In a systematic review and meta-analysis of randomised trials Behnam Sadeghirad et al. have found that single low dose corticosteroids can provide pain relief in patients with sore throat, with no increase in serious adverse effects.
Sore throat is among the most common presenting complaints in both emergency departments and outpatient care settings. It is the cause of about 5% of medical visits in children and about 2% of all outpatient visits in adults. The most common cause of sore throat is acute pharyngitis caused by self limiting viral infections. Pain management with paracetamol or non-steroidal anti-inflammatory drugs therefore represents the mainstay of care. These drugs provide limited pain relief but also sometimes cause serious harm.
Treatment of sore throat with antibiotics also provides modest benefit in reduction of symptoms and fever when the infection is bacterial, but their use could contribute to antibiotic resistance. Although most cases of sore throat have a viral aetiology, and the risk of secondary complications is low, clinicians commonly prescribe antibiotics.
In the present meta analysis which was conducted to estimate the benefits and harms of using corticosteroids as an adjunct treatment for sore throat a systematic review and meta-analysis of randomised control trials was done.The data sources were Medline, Embase, Cochrane Central Register of Controlled Trials , trial registries up to May 2017, reference lists of eligible trials and related reviews.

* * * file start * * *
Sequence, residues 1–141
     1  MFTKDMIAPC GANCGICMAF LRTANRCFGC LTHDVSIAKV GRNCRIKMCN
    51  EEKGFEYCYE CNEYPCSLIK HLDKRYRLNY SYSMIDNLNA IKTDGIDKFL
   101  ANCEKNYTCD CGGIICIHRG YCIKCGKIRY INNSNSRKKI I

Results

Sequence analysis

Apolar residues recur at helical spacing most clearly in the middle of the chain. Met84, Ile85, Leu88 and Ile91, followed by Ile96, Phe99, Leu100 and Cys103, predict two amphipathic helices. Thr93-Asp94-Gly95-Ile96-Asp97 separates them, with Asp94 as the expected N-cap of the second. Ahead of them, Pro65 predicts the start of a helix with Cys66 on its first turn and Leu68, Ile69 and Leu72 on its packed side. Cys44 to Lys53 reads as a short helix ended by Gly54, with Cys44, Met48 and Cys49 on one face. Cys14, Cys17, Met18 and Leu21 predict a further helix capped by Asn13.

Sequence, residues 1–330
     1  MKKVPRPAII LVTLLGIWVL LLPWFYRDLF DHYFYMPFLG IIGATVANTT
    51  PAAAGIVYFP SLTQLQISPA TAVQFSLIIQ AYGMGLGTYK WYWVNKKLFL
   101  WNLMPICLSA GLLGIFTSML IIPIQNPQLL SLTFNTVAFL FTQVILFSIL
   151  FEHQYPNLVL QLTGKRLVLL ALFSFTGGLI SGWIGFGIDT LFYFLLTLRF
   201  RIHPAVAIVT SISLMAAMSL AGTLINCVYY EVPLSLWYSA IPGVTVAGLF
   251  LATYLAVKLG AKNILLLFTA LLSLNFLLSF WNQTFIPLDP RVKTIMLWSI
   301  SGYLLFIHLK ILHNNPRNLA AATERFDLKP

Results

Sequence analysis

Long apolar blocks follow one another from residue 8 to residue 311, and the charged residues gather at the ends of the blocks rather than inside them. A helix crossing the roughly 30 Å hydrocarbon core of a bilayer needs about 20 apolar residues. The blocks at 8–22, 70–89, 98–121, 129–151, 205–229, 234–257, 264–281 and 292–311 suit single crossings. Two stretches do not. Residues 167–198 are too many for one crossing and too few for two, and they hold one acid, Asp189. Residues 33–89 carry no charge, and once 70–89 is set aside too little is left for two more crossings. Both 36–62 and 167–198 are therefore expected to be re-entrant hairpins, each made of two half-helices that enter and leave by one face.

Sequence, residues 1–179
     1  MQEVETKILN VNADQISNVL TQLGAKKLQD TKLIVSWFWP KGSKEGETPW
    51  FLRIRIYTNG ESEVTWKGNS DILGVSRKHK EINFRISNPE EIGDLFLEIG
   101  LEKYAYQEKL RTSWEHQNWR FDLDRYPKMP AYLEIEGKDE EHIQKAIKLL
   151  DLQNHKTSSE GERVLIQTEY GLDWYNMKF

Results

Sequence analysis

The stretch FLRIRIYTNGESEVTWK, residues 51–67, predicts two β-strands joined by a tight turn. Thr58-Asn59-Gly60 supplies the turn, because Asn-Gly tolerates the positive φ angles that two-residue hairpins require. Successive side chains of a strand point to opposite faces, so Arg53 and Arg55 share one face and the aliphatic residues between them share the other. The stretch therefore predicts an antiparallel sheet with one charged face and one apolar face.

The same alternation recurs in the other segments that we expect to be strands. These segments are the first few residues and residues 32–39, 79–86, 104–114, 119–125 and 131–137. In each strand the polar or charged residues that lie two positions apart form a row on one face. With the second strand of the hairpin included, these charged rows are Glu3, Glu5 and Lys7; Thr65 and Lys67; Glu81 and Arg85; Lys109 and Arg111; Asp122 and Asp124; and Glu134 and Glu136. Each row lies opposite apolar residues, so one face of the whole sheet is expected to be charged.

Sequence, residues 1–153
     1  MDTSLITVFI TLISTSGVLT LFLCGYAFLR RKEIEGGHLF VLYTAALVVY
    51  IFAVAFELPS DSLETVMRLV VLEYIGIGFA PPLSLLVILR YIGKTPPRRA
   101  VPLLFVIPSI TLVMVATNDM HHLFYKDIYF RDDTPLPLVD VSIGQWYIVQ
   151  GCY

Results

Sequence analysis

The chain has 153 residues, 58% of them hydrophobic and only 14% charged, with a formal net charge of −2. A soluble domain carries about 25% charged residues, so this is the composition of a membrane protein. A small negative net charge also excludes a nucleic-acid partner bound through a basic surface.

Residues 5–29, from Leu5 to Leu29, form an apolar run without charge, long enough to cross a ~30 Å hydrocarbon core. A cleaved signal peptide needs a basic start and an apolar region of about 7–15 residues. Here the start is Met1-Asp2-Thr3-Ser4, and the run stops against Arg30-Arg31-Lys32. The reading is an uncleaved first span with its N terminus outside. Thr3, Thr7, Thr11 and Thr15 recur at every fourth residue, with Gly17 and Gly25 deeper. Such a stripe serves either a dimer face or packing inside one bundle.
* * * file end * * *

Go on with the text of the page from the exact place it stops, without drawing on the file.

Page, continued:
In the randomised controlled trials of the addition of corticosteroids to standard clinical care for patients aged 5 or older in emergency department and primary care settings with clinical signs of acute tonsillitis, pharyngitis, or the clinical syndrome of sore throat.
The reviewers identified studies, extracted data, and assessed the quality of the evidence, independently and in duplicate. A parallel guideline committee (BMJ Rapid Recommendation) provided input on the design and interpretation of the systematic review, including the selection of outcomes important to patients. Random effects model was used for meta-analyses. Quality of evidence was assessed with the GRADE approach.
In total 10 eligible trials 1426 individuals were enrolled. Patients who received single low dose corticosteroids (the most common intervention was oral dexamethasone with a maximum dose of 10 mg) were twice as likely to experience pain relief after 24 hours (relative risk 2.2, 95% confidence interval 1.2 to 4.3; risk difference 12.4%; moderate quality evidence) and 1.5 times more likely to have no pain at 48 hours (1.5, 1.3 to 1.8; risk difference 18.3%; high quality). The mean time to onset of pain relief in patients treated with corticosteroids was 4.8 hours earlier (95% confidence interval −1.9 to −7.8; moderate quality) and the mean time to complete resolution of pain was 11.1 hours earlier (−0.4 to −21.8; low quality) than in those treated with placebo. The absolute pain reduction at 24 hours (visual analogue scale 0-10) was greater in patients treated with corticosteroids (mean difference 1.3, 95% confidence interval 0.7 to 1.9; moderate quality). Nine of the 10 trials sought information regarding adverse events. Six studies reported no adverse effects, and three studies reported few adverse events, which were mostly complications related to disease, with a similar incidence in both groups.
The researchers concluded that single low dose corticosteroids can provide pain relief in patients with sore throat, with no increase in serious adverse effects. Included trials did not assess the potential risks of larger cumulative doses in patients with recurrent episodes of acute sore throat.
For further reading log on to : BMJ 2017; 358 doi: https://doi.org/10.1136/bmj.j3887